Friday, April 2, 2010

It's how we say it!!

I sometimes feel like I will always be working on communicating in ways that encourage cooperation. I will always be a "work in progress" that is kind and understanding sometimes and forgets sometimes. Especially when I am tired or overwhelmed or stressed, I speak without thinking. And I am not always proud of what I say. In class the other day, we were discussing how to talk with children in ways that open up the doors of understanding and cooperation instead of shutting them down. Some examples are:

You've just asked her to stop what she is doing and clean up her toys. She doesn't want to and says, "You hurt my feelings." How do we respond to this four year old's attempt to draw us in and let her avoid her chore? When she says this, it seems to me she really means, "You are asking me to do something I don't want to do. I am having fun right now and it makes me sad to stop." So we can say something like, "I'm sorry you are feeling sad about stopping your play. But, it is time for dinner, so we need to work together to set the table. You can go back to playing that after we finish dinner."

He is balancing on a chair, reaching for something on the top shelf. We could say from across the room, "Get down from there right now!!" or we can adjust our words a little and go right over to him and move him to safety saying, "I'm worried you might fall. Let me hold you while you reach for that."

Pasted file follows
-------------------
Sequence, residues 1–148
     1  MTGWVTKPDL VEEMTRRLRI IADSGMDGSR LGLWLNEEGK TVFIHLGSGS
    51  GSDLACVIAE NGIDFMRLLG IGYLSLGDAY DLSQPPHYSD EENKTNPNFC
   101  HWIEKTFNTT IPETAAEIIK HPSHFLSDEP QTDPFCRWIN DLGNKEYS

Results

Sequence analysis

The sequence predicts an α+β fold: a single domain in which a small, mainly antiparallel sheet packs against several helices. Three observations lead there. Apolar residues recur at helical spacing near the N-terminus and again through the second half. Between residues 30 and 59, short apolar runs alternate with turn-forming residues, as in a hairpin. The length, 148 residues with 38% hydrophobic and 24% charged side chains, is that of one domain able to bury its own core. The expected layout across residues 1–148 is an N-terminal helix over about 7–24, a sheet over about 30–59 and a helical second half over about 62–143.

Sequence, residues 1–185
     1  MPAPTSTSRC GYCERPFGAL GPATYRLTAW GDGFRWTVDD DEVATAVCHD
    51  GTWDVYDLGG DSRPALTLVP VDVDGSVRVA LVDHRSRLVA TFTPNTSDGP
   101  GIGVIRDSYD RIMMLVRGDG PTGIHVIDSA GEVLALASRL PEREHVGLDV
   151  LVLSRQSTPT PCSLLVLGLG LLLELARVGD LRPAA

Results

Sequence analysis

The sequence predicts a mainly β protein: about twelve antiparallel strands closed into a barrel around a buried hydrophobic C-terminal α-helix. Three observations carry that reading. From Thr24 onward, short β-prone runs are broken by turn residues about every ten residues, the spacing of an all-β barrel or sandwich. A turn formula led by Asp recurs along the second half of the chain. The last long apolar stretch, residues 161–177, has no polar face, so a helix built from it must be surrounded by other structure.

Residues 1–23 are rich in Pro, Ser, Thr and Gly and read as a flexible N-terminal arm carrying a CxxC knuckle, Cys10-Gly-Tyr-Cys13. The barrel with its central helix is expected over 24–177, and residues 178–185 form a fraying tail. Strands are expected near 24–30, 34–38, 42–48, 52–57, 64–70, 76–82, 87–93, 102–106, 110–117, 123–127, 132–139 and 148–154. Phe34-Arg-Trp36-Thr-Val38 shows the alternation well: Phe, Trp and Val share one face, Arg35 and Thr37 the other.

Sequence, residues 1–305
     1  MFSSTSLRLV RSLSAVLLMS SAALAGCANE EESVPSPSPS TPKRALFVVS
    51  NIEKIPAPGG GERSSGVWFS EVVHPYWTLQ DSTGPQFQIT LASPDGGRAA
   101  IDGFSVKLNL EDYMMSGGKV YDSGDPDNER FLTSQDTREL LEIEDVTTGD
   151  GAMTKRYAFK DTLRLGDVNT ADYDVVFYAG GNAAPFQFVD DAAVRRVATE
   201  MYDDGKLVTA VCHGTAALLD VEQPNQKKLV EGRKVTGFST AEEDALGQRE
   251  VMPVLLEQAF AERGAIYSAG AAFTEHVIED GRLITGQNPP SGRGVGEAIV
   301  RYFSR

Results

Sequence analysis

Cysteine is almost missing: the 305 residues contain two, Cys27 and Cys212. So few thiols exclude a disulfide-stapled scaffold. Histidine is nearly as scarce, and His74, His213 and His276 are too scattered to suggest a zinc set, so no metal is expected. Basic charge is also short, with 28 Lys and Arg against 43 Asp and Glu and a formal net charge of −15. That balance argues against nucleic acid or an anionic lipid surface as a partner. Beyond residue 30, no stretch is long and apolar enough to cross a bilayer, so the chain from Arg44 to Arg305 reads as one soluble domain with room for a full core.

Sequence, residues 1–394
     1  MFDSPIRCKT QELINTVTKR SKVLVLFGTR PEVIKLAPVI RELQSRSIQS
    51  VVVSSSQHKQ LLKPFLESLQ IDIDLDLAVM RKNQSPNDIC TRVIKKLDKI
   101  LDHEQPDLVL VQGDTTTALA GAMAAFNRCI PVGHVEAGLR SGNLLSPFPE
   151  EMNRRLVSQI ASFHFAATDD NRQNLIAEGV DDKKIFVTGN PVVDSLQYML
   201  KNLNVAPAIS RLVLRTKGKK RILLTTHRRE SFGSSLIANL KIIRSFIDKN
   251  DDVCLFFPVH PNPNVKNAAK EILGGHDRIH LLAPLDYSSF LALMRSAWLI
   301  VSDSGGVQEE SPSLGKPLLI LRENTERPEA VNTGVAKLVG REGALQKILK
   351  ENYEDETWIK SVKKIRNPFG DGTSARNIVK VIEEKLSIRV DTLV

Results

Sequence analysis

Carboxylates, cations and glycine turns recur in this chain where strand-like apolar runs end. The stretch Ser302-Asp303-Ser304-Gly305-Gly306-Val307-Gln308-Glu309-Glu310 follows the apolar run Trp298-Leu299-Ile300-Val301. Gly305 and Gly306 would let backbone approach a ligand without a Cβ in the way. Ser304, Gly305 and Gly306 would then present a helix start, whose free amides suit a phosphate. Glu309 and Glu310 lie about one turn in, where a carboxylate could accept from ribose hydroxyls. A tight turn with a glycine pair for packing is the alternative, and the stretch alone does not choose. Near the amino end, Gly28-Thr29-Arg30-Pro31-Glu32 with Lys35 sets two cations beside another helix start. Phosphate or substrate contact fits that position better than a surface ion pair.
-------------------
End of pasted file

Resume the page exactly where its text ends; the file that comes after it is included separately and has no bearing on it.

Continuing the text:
After a long day, you come in and find things left out all over the floor. There are clothes that need to be washed and things littering the table and counters. The TV is loud, and the kids are watching contentedly. You could complain, "Get that TV off. This place is a mess!" Or you could go over to them, getting their attention and say calmly, "Hey guys, I would like to sit down and watch some TV too, but there are many things that need to be done. I'm tired after a long day, and I could really use some help. Take a break from the TV and put these dirty clothes in the hamper. And please take your toys into your room."

As I type these examples in the calm of the evening, it seems easy. Why can't we remember these things in the heat of the moment. Like so many things, we have many opportunities for practice, and we need it! We keep trying over and over to get it right. We want to communicate our appreciation and acceptance of others. In family life, we really can find ways to express our appreciation and work together. How we say it, how we communicate DOES make a difference.